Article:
One major catastrophe would be a tragedy. Japan faces three: an earthquake, a tsunami, and a potential nuclear meltdown. While the suffering of the Japanese people is the greatest concern, the economic and financial impact of the crisis may be just beginning.
"This may be the signal moment that seals the decline of the Japanese economy,” said Daniel Altman, an economist with Dalberg Global Development Advisors. “The country already has an enormous debt burden … The recovery from the earthquake will suck up trillions of yen in public and private resources.”
Japan’s Nikkei stock index has fallen around 16 percent from its close Friday to its close Tuesday. In the U.S., stocks opened sharply lower Tuesday morning and even after recovering some of those losses, major indexes were down about one percent in mid-afternoon. Oil prices fell to their lowest level in weeks amid concerns about reduced demand from the world’s third largest economy, after the U.S. and China, and agricultural commodities also tumbled. There are other effects as well.
Possible: Dumping U.S. Treasuries
To finance its recovery efforts, Japan may need to liquidate some of its holdings in foreign sovereign debt. This includes some of its $882.3 billion of U.S. Treasury securities. Japan is the second largest foreign holder of U.S. debt, after China, holding 19.9 percent of the debt held by foreign countries. Bill Gross, manager of the world’s largest bond fund, has already cashed out of the U.S. Treasury market The Federal Reserve plans to end its second round of quantitative easing, aka QE2, this summer. Japan’s sale of U.S. debt would put additional pressure on the Treasury market, which would force interest rates higher. Not only would it be become more onerous to finance the Federal debt, borrowing rates for corporations and consumers would also rise.
Japan’s Exports in Jeopardy
Japan has a nominal GDP of around $5.5 trillion. The earthquake and tsunami hit relatively less populated regions of Japan. By some estimates, the ravaged area accounts for around 5 percent of Japan’s economy. However, plans for rolling blackouts would cripple industrial activity in a much wider area. Japan’s $765 billion in exports also could take a hit. Internal weakness could send ripples globally. Japan, the fifth largest buyer of foreign goods, could see its approximately $637 billion in annual imports shrink.
For now, Arthur J. Alexander, an adjunct professor of Asian Studies at Georgetown University who studied the effects of the Kobe earthquake in 1995, predicts the global impact will be small. “Modern economies have tremendous redundancies,” he says. But he adds that he less optimistic than he was a few days ago. “The problem is electricity output, affecting Tokyo and other regions. … electricity powers railroad, delivers oil, brings people to work. This is a real issue and this is what we have to work on.”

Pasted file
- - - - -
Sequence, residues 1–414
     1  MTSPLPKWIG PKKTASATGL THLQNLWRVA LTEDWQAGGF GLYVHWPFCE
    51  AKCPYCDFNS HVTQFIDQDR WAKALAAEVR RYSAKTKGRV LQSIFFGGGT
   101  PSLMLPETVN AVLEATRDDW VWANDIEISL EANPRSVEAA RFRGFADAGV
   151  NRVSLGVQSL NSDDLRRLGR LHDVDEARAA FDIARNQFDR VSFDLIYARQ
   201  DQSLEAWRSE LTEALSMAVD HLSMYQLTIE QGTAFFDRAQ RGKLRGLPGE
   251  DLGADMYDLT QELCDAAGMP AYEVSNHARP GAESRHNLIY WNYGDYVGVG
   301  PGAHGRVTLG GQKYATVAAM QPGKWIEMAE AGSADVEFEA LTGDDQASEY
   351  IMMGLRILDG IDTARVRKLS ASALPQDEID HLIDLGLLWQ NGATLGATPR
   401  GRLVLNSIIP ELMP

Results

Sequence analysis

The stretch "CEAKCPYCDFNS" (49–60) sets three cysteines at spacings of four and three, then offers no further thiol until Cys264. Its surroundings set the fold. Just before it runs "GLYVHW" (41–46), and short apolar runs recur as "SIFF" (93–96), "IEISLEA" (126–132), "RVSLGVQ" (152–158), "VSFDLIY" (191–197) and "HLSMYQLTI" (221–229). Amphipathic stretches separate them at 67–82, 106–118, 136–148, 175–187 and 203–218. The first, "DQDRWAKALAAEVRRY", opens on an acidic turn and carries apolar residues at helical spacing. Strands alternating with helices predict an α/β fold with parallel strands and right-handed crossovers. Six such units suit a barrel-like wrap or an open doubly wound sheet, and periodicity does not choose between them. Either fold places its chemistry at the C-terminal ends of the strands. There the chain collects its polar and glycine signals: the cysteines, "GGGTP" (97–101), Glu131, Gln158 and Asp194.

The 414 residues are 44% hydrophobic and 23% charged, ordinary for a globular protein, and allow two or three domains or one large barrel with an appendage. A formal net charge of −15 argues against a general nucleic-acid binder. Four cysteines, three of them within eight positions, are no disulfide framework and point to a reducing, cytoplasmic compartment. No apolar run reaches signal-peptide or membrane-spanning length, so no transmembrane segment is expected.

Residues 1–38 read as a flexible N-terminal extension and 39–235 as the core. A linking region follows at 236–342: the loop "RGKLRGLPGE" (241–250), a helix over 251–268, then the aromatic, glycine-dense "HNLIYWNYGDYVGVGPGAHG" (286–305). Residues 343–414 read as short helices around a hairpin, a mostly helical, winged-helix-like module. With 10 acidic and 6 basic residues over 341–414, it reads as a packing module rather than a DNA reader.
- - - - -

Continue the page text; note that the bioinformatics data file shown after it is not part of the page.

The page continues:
Volatile Oil Prices
In recent months, the price of oil soared due to unrest in the Middle East. Oil prices recently hit a crescendo on fears that a March 11 “Day of Rage” would disrupt oil production in Saudi Arabia. These fears were overblown. Oil prices fell and U.S. stocks rallied on March 11, even as news broke of Japan’s catastrophe. With oil production seemingly unscathed and the risk of global economic deceleration rising, oil prices should continue to fall in the near term. However, there could be longer-term prospects for rising prices as escalating fears surrounding the Fukushima Daiichi Nuclear Power Station)make the nuclear energy alternative less attractive. Japan’s nuclear crisis has reminded the world of the scars left by Chernobyl and Three Mile Island.
Fear and Loathing in the Markets
In the face of fear and uncertainty, stocks tend to overreact, which some experts say is what is happening now. But the longer-term impact is uncertain. “What we’re seeing right now is classic fear-selling, said Douglas Holtz Eakin, former Congressional Budget Office Director and President of The American Action Forum, a conservative think tank. “However, if there is a major radiation event, that would be very bad for Tokyo, would mean big financial market shocks, which would then harm the U.S. recovery.”
Gus Faucher, director of macroeconomics for Moody’s analytics said the firm hasn’t changed its forecast for the U.S. “In the near term, the U.S. may receive a slight benefit from some production moving from Japan to the U.S.,” he said. “The biggest long-run impact would come if (and it’s a big if) there is a shift away from nuclear power toward fossil fuels, which would raise long-run energy costs, weighing on growth. However, it’s too early to say if this will actually happen.”
-Michelle Hirsch and Kathleen Deveny contributed reporting for this article.
A Critical Moment for Japan’s Economy (MarketWatch)
Nuclear Power Safety: After Japan’s Fukushima Plant Crisis (Huffington Post)